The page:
Fahl started with Federal Defender Services of Wisconsin at the same time as Coad, after clerking for two years, Fahl said. Along with former Federal Defender Dean A. Strang, Fahl assisted Madison lawyer T. Christopher Kelly in another Supreme Court argument in U.S. v. Booker, the landmark 2005 case in which the Court eliminated the mandatory aspect of the Federal Sentencing Guidelines.
Logan will be the third Supreme Court case in which attorneys with Federal Defender Services of Wisconsin will play a role. Strang, assisted by Brian P. Mullins of the Milwaukee office, argued there in 2001, less than a year after the non-profit charitable organization, which is dedicated to serving clients who cannot afford to hire a lawyer in federal criminal cases, opened its doors.
Coad and Fahl will head to Washington a week before the Logan argument to stay in a hotel a few blocks from Sidley’s D.C. location, where they will have an office for the week. They hope to get into the Supreme Court the day before to watch an argument, Coad said.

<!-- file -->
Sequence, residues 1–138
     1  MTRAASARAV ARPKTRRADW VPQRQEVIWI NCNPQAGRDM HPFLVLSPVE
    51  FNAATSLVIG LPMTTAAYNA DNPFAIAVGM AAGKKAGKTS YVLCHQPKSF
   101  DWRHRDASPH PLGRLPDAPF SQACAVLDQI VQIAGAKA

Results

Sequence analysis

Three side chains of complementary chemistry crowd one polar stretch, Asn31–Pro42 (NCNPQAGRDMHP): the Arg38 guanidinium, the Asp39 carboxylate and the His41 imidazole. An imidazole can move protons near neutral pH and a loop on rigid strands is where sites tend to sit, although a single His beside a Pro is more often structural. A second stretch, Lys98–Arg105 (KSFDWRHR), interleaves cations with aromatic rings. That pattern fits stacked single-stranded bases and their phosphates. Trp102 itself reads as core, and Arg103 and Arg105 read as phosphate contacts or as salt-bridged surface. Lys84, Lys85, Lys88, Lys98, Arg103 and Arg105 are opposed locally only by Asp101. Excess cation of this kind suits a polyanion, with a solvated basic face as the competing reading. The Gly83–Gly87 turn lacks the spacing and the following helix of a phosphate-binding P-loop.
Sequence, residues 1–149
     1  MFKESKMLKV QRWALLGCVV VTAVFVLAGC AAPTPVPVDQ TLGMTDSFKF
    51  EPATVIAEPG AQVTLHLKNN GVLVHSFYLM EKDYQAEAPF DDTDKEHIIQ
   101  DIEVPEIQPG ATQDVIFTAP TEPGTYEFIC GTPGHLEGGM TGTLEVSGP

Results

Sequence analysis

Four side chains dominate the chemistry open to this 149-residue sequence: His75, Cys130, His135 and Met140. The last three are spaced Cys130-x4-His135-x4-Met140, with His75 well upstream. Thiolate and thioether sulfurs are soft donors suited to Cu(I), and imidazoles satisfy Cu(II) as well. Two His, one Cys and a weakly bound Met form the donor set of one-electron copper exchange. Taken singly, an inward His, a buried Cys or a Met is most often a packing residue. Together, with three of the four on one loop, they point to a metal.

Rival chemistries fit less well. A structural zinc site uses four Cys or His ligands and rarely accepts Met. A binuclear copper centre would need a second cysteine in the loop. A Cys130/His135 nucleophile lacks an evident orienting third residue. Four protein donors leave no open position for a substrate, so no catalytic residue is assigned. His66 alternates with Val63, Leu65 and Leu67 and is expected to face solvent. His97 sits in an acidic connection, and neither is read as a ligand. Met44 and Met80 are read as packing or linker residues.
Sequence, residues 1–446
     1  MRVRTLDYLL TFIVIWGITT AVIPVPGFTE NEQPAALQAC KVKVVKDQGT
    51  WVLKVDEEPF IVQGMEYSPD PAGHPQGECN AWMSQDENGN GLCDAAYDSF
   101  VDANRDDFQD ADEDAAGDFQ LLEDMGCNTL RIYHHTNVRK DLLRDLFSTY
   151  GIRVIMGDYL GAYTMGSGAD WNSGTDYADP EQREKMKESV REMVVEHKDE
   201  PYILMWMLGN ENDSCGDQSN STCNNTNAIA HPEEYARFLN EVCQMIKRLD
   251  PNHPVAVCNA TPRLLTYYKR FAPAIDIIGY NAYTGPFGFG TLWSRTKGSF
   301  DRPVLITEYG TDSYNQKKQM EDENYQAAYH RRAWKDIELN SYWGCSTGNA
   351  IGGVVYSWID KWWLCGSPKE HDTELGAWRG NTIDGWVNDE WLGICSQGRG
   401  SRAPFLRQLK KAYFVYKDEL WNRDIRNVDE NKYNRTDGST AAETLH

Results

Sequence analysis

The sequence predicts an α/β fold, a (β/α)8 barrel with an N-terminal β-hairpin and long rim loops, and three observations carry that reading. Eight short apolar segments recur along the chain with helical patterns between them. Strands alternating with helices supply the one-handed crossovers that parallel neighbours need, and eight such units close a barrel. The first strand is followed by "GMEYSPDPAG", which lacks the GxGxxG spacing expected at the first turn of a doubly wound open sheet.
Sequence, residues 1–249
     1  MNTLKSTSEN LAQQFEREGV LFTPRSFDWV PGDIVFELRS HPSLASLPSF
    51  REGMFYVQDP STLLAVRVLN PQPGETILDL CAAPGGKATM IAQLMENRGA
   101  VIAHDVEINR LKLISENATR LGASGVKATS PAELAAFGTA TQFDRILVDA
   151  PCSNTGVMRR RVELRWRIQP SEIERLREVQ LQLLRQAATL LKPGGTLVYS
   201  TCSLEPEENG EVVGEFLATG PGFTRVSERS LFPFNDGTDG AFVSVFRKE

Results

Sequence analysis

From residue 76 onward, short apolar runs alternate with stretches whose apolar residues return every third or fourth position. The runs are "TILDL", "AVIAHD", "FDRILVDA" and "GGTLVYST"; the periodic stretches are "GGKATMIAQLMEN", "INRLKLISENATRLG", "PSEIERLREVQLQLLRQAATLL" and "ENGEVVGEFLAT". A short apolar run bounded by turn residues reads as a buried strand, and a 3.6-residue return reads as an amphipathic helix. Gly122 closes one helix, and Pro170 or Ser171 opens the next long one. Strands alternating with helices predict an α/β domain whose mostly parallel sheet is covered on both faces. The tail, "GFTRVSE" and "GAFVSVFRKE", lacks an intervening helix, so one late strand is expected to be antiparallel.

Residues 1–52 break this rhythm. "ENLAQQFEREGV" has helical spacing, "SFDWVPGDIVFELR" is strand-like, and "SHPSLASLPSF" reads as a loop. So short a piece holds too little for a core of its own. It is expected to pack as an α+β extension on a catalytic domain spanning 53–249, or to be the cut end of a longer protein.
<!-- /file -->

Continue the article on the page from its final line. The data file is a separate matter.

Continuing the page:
But despite the heady aura surrounding the oral argument, the preparation still requires intense effort: It’s important to be utterly conversant with the case, and not only with the complex legal arguments, but also with the facts in detail, according to Fahl.
“You can’t leave even a single stone unturned, even the things that you think are so basic,” he said.
The preparation also includes reviewing transcripts of other Supreme Court arguments, and Coad will face at least five moot courts – including sessions at Marquette University Law School, Northwestern University School of Law, The University of Chicago Law School, and Georgetown University Law Center – before the oral argument itself.
“What we expect to have done is to have heard every question that
the Supreme Court will ask before we ever go there, and then have good answers to those questions,” Fahl said.